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Other titles in the Annals of Communism series:
The KGB File of Andrei Sakharov (Annals of Communism)by Joshua Rubenstein
Synopses & Reviews
Andrei Sakharov (1921and#8211;1989), a brilliant physicist and the principal designer of the Soviet hydrogen bomb, later became a human rights activist andand#8212;as a resultand#8212;a source of profound irritation to the Kremlin. This book publishes for the first time ever KGB files on Sakharov that became available during Boris Yeltsinand#8217;s presidency. The documents reveal the untold story of KGB surveillance of Sakharov from 1968 until his death in 1989 and of the regimeand#8217;s efforts to intimidate and silence him. The disturbing archival materials show the KGB to have had a profound lack of understanding of the spiritual and moral nature of the human rights movement and of Sakharovand#8217;s role as one of its leading figures.
Book News Annotation:
After renowned Soviet physicist Andrei Sakharov began circulating his famous 1968 essay calling for (in the words of a contemporaneous New York Times article) "full intellectual freedom, Soviet-United States cooperation and worldwide rejection of "demagogic myths" in an urgent program to avert nuclear war and famine," the KGB initiated surveillance of the dissident scientist. Rubenstein (northeast regional director of Amnesty International USA) and Gribanov (former literary editor of the Chronicle of Current Events in Moscow, Russia) present some 146 KGB memos to the Soviet Politburo reporting on Sakharov's activities from that time up until his death in 1989, chronicling Soviet attempts to silence him, the evolution of social and political views, and his continuing defiance of the Soviet state. They also provide a substantial introductory essay narrating the historical context of the memos.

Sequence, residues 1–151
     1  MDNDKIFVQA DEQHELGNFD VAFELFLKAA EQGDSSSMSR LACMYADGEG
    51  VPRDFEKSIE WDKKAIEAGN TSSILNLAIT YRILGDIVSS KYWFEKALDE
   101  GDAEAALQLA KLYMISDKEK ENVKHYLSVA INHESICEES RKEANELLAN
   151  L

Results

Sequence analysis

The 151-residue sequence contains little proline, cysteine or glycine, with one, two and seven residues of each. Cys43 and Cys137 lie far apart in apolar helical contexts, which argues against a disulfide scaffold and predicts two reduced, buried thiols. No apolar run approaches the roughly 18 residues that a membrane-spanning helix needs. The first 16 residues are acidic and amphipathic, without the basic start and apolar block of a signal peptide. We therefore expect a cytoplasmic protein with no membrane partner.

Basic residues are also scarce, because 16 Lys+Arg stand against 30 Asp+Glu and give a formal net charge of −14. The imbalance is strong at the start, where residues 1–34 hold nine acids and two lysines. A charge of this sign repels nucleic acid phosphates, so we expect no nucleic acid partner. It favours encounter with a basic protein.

Annotation ©2005 Book News, Inc., Portland, OR (booknews.com)
In this powerful book, the story of KGB surveillance and intimidation of Nobel prize laureate Andrei Sakharov from 1968 to his death in 1989 comes to light for the first time. Disturbing archival documents show how deeply the KGB feared this great figure of Soviet science, and how profoundly it misunderstood his role in the human rights movement.
About the Author
Joshua Rubenstein is northeast regional director of Amnesty International USA and a longtime associate at Harvard Universityand#8217;s Davis Center for Russian and Eurasian Studies. Alexander Gribanov is a literary scholar and archivist. He was the literary editor of the Chronicle of Current Events in Moscow, and arranged and processed the papers of Andrei Sakharov at Brandeis University.
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